Thanks for the reply. I was gettin’ a bit lonely. Just tonight I finished the keyboard scanning board. I completed the “tinning” and cleaned it all up. I agree with you about the clear coat. Not necessary and may cause unintended issues. And it would be difficult to reverse. I am going to clean the frame as best I can, then try a rust reformer, then spray paint the frame. I’m going to mask the switches and the key “springs”. I’m hoping by this weekend to be able to test the keyboard.

I have a low res copy of the manual / test procedures. Adequate but not pretty. I fixed the broken trace more or less how you described. It looks fine and I’m sure it’s working perfectly.

The rest of the boards don’t look too bad. I’m going to clean all the old flux off, do a general clean, check the caps and power them up. If the keyboard works, then I’ll do the backplane, the “controller” then the Proteus I synth itself. It’s all a process and I’m struggling to be patient.

Anyway making slow but true progress.


PS you wouldn’t want to sell your Proteus I would you???

I have the original manuals, so just say the word if you have any trouble reading your copy.

I broke mine out to see if I could fix an issue that I had with an oscillator, but several problems have cropped up on the way. (Like a broken connector for the transformer!) I’m just slightly ahead of your restoration.

In case you’re interested, I found a free VST/Standalone emulator based on the Proteus:

I’ve been wondering how you’re getting along on restoring that keyboard.

The preset buttons on mine are just too flaky. Sometimes you can advance, and sometimes not. Sometimes it advances several presets at a time. I’m convinced that the buttons are just too cheap. Ordered a few replacements and hope to have them soon. I’m in a hold until then.

Thanks for checking in! I’m not going very fast right now. I have taken the entire device apart. The keyboard itself is completely torn apart. I need to do rust protection / paint on the bottom tray and the keyboard frame. Then I’ll be ready to reassemble the keyboard. If that works (there are plastic switches for they key contacts). Then I’m confident I can get the rest of it going.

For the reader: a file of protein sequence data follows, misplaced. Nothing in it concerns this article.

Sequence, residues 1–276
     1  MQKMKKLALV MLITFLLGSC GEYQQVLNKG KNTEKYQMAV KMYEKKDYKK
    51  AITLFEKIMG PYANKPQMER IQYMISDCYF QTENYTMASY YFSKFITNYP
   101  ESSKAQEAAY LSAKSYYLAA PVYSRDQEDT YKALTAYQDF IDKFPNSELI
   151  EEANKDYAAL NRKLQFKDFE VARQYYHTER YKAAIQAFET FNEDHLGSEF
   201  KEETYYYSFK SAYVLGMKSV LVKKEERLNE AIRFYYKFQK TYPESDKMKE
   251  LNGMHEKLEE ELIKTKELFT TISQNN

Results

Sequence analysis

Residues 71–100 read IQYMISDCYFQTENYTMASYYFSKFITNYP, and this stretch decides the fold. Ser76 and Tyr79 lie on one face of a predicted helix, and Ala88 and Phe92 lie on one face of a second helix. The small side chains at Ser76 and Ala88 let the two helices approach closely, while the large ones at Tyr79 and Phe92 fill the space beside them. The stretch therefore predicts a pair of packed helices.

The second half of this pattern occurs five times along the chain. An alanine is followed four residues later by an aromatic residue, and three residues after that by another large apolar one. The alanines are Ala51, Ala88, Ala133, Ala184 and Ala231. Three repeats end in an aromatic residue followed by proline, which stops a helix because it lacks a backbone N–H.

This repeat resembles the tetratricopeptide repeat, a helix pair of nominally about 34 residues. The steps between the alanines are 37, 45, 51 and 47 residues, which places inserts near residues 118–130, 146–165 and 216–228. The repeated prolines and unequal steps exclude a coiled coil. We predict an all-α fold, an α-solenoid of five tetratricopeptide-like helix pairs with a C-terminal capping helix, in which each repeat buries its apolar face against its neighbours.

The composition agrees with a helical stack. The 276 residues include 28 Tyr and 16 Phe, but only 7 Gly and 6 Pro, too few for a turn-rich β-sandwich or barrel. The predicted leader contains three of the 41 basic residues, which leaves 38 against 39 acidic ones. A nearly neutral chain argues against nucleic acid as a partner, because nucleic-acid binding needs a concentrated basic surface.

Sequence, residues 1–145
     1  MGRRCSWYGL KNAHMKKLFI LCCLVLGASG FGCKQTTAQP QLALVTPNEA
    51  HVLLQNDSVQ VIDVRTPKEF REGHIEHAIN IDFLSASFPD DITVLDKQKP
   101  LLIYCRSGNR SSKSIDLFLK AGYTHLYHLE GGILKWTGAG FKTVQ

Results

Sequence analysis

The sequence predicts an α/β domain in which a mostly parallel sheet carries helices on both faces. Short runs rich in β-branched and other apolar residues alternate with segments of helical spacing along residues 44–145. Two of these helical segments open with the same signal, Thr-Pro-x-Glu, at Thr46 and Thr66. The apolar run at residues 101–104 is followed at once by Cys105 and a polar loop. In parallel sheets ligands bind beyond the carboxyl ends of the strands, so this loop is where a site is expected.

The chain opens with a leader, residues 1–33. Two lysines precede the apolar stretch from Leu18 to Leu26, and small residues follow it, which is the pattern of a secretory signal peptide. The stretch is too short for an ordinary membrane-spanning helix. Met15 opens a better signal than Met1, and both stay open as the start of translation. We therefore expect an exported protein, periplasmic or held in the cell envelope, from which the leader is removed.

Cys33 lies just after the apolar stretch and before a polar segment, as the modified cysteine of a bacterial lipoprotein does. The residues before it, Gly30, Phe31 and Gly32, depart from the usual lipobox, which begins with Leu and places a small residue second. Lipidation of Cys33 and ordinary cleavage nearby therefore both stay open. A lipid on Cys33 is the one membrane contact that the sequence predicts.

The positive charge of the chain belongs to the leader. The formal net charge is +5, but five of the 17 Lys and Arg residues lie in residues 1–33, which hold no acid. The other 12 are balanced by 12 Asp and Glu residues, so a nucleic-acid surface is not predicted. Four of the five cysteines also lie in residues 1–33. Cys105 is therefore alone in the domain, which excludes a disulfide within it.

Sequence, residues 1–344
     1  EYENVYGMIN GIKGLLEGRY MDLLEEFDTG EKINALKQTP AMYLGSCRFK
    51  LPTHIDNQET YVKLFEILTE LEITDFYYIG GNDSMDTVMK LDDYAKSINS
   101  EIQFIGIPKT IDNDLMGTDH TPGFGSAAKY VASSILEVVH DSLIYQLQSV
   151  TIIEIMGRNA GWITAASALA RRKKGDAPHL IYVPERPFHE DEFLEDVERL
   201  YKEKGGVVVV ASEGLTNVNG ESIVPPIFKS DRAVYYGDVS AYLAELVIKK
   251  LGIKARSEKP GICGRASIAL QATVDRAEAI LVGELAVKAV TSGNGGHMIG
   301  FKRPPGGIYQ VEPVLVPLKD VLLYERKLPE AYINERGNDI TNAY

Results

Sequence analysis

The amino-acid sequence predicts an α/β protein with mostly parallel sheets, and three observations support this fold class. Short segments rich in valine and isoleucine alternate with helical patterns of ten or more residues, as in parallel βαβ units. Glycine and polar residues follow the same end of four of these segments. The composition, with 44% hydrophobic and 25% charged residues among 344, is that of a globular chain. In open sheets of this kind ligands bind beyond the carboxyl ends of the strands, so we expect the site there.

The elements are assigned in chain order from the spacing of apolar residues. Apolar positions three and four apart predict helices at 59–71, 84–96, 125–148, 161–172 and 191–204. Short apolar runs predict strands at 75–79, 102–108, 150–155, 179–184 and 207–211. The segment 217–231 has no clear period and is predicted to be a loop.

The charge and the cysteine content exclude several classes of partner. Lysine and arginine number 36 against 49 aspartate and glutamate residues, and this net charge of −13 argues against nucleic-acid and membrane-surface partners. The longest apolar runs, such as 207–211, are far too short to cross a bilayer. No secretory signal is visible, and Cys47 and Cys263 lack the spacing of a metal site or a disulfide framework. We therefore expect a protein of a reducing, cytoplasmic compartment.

The power supply will be next. I have the transformer out and disconnected from the power supply back plane. I want to test it first, then connect it back to the power supply and move on from there.

The boards have a lot of rosin flux on them. Over time they have become gummed up with dust, dirt, insects, etc. I’m going to clean the boards to get all that goop off of them.

Really not a lot going on. But it’s still on the bench, my plan is to finish it.

On the flaky patch select switches, I had the same problem with my original Proteus. After about two years, it was difficult to select the patch. I thought that maybe the problem was switch chatter but there was also a de-bounce filter and some circuitry for the patch advance when you hold the button down. The thing is all switches chatter. It may be better to adjust the timing of the de-bounce filter (R4 / C1 on figure 35 in the Assembly Instructions). Tuning that should prevent any chatter from getting through.